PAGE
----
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How Can I Protect My Inheritance in the Event of Divorce?

You were your Aunt Gloria’s only niece, and she happened to adore you. When she passed away, she left you a sizable inheritance.

Now your marriage is on the skids and you’re concerned that your husband may get part of what Aunt Gloria meant for you alone.

Family lawyer CAThis is a scenario faced by divorcing spouses all over the country. What becomes of the inheritance depends on a variety of factors.

Information often used to determine whom is entitled to the inheritance includes:

  • Is the inheritance considered marital property?
  • Where do you live?
  • Where have you kept the money during your marriage?
  • Do you have a prenuptial or post-nuptial agreement in place?

Separate vs. marital property

Property is anything that can be purchased or sold. It’s also anything that has value, which includes retirement plans, stocks, bank accounts and cash.

Separate property is anything you owned prior to getting married. When it comes to inheritances and gifts to one spouse, these also can be considered separate property. Let’s say Aunt Gloria didn’t leave you cash, but she left you a home that you rent out. The income from that rental property is considered “separate property,” as well as the property itself, according to the California Courts website.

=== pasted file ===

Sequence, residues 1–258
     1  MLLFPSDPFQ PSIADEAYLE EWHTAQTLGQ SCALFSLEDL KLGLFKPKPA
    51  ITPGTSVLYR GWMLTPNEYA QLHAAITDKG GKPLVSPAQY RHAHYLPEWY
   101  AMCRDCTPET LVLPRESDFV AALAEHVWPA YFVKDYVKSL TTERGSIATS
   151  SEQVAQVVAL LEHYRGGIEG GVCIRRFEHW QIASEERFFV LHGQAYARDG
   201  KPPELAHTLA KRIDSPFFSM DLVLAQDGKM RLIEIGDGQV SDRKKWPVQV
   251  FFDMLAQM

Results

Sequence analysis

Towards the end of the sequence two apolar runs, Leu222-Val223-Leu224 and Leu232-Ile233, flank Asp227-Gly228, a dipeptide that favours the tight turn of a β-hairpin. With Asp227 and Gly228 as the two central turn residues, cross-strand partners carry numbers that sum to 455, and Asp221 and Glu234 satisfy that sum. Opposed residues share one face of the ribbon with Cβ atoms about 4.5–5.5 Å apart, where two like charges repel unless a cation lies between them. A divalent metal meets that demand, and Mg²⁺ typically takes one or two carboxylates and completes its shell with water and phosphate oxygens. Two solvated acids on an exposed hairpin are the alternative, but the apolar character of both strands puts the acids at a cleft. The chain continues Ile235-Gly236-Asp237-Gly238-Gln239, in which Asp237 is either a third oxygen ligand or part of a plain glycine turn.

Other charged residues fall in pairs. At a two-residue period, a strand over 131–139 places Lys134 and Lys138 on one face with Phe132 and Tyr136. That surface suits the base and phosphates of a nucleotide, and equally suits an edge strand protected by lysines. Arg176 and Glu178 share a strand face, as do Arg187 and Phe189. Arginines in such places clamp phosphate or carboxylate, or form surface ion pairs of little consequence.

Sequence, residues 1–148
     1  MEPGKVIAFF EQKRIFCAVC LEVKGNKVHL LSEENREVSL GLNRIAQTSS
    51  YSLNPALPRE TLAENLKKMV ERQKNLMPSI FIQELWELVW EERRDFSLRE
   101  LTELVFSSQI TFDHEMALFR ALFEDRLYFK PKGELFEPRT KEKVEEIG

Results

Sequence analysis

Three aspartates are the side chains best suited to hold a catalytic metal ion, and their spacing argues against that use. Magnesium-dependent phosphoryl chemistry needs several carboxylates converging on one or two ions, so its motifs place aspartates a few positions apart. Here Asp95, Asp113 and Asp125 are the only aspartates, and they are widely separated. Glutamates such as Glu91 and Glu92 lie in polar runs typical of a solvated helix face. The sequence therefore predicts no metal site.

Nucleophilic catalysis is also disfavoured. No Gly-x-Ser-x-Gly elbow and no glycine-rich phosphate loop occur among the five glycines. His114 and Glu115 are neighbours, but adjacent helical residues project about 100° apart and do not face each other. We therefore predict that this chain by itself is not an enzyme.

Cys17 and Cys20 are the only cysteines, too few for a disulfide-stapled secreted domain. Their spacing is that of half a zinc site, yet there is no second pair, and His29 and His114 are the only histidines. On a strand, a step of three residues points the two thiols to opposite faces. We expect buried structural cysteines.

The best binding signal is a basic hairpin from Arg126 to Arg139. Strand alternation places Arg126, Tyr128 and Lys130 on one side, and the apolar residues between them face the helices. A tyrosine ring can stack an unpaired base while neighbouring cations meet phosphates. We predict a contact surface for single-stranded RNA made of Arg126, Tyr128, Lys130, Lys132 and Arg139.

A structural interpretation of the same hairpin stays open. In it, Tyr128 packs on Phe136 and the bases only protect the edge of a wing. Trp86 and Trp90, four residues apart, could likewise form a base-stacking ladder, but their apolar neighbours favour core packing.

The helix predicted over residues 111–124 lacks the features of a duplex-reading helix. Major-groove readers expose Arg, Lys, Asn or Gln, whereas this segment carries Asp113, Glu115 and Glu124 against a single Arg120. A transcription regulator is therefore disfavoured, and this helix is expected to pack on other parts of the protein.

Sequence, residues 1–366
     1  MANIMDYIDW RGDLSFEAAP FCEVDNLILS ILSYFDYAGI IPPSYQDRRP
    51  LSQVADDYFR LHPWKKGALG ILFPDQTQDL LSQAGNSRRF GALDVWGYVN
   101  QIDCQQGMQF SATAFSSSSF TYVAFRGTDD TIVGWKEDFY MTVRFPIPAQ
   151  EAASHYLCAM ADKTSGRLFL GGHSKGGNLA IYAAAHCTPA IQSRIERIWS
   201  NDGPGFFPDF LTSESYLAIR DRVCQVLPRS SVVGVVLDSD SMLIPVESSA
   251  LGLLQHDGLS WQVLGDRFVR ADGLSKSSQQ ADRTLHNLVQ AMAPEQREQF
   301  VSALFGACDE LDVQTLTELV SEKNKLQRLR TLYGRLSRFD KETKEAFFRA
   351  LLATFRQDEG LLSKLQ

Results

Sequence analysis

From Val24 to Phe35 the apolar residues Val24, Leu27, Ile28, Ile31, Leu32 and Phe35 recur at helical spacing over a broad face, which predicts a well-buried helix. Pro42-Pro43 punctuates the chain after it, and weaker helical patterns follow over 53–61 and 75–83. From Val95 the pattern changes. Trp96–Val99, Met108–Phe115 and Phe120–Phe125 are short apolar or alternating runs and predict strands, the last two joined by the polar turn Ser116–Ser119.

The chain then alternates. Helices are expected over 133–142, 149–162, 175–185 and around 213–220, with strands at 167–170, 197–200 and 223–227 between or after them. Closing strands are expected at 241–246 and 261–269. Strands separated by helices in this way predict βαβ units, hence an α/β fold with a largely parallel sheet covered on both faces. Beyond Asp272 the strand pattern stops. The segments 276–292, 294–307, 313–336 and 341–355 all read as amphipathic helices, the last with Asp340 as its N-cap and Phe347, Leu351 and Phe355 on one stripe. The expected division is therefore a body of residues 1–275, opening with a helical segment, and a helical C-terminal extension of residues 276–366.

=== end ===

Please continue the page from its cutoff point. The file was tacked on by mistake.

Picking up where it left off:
If you received Aunt Gloria’s inheritance after you and your spouse legally separated, it likely would be considered separate property.

Marital property also is called “community property,” and that term describes anything you and your spouse acquired while you were married. Even debt that you and your spouse acquired during your marriage is marital property that you each will be responsible for.

It is imperative that your inheritance be accurately defined as separate property if you hope to keep all of it in the event of divorce.

State of residence

Some states, including California, are community property states, while others are equitable distribution states. In equitable distribution states, although your name may be the only one on a property deed, your spouse is able to claim an equitable part of that property during a divorce. If proper paperwork isn’t in place to define your inheritance as solely belonging to you, your state of residence may help determine whether the inheritance must be shared when you divorce.

Where have you stored your inheritance?

One thing to consider when protecting your inheritance is where and how you have kept it, according to a “Forbes” article. Is the money that Aunt Gloria left you in a bank account in your name only? Is it in a joint savings account shared with your soon-to-be ex? It matters.

Experts recommend keeping the money in a separate bank or investment account in your name only.

Prenuptial and post-nuptial agreements

A great way to eliminate doubt as to whom Aunt Gloria meant her inheritance to go to is to have a written agreement in place. If you got the inheritance prior to getting married, you could outline ownership in a prenuptial agreement. This type of agreement is made by a couple prior to getting married, and it defines the owners of specific assets, should the marriage end in divorce. You can learn more about prenuptial agreements in this article we recently wrote on the subject.